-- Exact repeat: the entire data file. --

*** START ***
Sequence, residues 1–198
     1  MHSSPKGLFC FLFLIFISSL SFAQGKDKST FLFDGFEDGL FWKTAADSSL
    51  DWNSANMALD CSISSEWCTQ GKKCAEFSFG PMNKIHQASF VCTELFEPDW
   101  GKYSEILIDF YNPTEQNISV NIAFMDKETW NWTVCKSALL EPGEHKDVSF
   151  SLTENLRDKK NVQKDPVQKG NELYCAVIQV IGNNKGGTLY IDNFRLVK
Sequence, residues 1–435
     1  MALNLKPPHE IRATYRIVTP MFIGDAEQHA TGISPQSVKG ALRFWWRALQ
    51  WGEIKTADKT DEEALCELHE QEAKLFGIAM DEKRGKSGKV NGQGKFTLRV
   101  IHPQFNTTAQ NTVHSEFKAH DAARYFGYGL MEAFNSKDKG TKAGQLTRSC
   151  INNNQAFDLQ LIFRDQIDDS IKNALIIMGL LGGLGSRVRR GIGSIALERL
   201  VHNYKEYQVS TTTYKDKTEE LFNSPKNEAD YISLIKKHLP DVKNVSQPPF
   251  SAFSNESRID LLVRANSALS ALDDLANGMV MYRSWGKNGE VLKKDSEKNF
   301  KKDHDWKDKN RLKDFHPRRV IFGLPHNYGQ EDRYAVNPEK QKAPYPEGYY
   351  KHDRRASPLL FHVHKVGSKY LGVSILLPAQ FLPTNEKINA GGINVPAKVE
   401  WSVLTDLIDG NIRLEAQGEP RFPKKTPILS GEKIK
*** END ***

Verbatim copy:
Sequence, residues 1–198
     1  MHSSPKGLFC FLFLIFISSL SFAQGKDKST FLFDGFEDGL FWKTAADSSL
    51  DWNSANMALD CSISSEWCTQ GKKCAEFSFG PMNKIHQASF VCTELFEPDW
   101  GKYSEILIDF YNPTEQNISV NIAFMDKETW NWTVCKSALL EPGEHKDVSF
   151  SLTENLRDKK NVQKDPVQKG NELYCAVIQV IGNNKGGTLY IDNFRLVK
Sequence, residues 1–435
     1  MALNLKPPHE IRATYRIVTP MFIGDAEQHA TGISPQSVKG ALRFWWRALQ
    51  WGEIKTADKT DEEALCELHE QEAKLFGIAM DEKRGKSGKV NGQGKFTLRV
   101  IHPQFNTTAQ NTVHSEFKAH DAARYFGYGL MEAFNSKDKG TKAGQLTRSC
   151  INNNQAFDLQ LIFRDQIDDS IKNALIIMGL LGGLGSRVRR GIGSIALERL
   201  VHNYKEYQVS TTTYKDKTEE LFNSPKNEAD YISLIKKHLP DVKNVSQPPF
   251  SAFSNESRID LLVRANSALS ALDDLANGMV MYRSWGKNGE VLKKDSEKNF
   301  KKDHDWKDKN RLKDFHPRRV IFGLPHNYGQ EDRYAVNPEK QKAPYPEGYY
   351  KHDRRASPLL FHVHKVGSKY LGVSILLPAQ FLPTNEKINA GGINVPAKVE
   401  WSVLTDLIDG NIRLEAQGEP RFPKKTPILS GEKIK